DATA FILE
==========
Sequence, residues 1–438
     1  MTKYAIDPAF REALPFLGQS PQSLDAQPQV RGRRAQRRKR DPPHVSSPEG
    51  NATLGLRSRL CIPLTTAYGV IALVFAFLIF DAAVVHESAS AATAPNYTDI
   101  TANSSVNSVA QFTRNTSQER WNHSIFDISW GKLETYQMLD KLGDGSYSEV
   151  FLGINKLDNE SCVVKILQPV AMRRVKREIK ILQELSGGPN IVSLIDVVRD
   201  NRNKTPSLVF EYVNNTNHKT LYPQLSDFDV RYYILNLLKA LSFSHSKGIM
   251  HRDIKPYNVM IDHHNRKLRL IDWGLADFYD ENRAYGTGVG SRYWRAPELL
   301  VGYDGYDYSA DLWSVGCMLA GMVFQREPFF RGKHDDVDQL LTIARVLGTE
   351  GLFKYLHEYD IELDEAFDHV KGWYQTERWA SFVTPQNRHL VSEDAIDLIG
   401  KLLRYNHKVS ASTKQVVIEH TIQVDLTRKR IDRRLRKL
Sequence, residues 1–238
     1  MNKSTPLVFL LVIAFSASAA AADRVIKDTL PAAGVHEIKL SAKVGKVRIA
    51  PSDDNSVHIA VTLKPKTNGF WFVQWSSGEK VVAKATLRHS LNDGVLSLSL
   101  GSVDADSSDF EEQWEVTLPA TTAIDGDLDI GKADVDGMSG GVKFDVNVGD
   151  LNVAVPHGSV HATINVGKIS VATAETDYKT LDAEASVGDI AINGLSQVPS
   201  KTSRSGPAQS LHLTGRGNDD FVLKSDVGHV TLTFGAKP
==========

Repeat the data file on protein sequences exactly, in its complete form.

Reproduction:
Sequence, residues 1–438
     1  MTKYAIDPAF REALPFLGQS PQSLDAQPQV RGRRAQRRKR DPPHVSSPEG
    51  NATLGLRSRL CIPLTTAYGV IALVFAFLIF DAAVVHESAS AATAPNYTDI
   101  TANSSVNSVA QFTRNTSQER WNHSIFDISW GKLETYQMLD KLGDGSYSEV
   151  FLGINKLDNE SCVVKILQPV AMRRVKREIK ILQELSGGPN IVSLIDVVRD
   201  NRNKTPSLVF EYVNNTNHKT LYPQLSDFDV RYYILNLLKA LSFSHSKGIM
   251  HRDIKPYNVM IDHHNRKLRL IDWGLADFYD ENRAYGTGVG SRYWRAPELL
   301  VGYDGYDYSA DLWSVGCMLA GMVFQREPFF RGKHDDVDQL LTIARVLGTE
   351  GLFKYLHEYD IELDEAFDHV KGWYQTERWA SFVTPQNRHL VSEDAIDLIG
   401  KLLRYNHKVS ASTKQVVIEH TIQVDLTRKR IDRRLRKL
Sequence, residues 1–238
     1  MNKSTPLVFL LVIAFSASAA AADRVIKDTL PAAGVHEIKL SAKVGKVRIA
    51  PSDDNSVHIA VTLKPKTNGF WFVQWSSGEK VVAKATLRHS LNDGVLSLSL
   101  GSVDADSSDF EEQWEVTLPA TTAIDGDLDI GKADVDGMSG GVKFDVNVGD
   151  LNVAVPHGSV HATINVGKIS VATAETDYKT LDAEASVGDI AINGLSQVPS
   201  KTSRSGPAQS LHLTGRGNDD FVLKSDVGHV TLTFGAKP